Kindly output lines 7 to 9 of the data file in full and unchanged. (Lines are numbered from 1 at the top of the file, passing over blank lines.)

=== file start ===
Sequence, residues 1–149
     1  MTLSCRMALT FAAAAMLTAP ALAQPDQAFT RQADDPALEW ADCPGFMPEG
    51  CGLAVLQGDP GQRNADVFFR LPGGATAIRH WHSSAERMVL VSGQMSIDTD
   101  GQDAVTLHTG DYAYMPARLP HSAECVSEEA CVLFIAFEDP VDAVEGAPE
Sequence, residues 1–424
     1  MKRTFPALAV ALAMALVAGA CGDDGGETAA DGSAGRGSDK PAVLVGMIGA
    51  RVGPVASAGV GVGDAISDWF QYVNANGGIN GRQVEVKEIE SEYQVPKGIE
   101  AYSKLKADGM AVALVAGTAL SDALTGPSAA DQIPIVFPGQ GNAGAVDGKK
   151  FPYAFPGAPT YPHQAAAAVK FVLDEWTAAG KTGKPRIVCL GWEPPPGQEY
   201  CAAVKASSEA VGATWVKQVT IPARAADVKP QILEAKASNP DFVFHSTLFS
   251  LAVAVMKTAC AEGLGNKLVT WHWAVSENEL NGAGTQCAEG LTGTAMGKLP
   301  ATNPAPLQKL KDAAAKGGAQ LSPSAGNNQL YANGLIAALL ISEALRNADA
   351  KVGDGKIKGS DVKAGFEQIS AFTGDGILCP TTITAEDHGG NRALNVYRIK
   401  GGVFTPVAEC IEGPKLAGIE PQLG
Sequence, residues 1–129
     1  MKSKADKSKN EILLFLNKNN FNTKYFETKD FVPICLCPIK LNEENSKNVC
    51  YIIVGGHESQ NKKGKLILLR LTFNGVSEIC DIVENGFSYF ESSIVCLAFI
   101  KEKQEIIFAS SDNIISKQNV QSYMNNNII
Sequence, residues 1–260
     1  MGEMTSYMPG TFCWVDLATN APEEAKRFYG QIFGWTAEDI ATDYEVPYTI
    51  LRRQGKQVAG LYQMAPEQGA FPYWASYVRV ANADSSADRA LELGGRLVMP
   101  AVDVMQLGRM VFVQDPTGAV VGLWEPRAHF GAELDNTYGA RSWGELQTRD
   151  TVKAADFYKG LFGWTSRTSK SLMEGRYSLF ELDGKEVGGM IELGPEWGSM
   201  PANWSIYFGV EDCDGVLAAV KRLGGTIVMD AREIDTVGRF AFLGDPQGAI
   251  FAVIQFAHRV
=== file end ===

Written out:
    51  RVGPVASAGV GVGDAISDWF QYVNANGGIN GRQVEVKEIE SEYQVPKGIE
   101  AYSKLKADGM AVALVAGTAL SDALTGPSAA DQIPIVFPGQ GNAGAVDGKK
   151  FPYAFPGAPT YPHQAAAAVK FVLDEWTAAG KTGKPRIVCL GWEPPPGQEY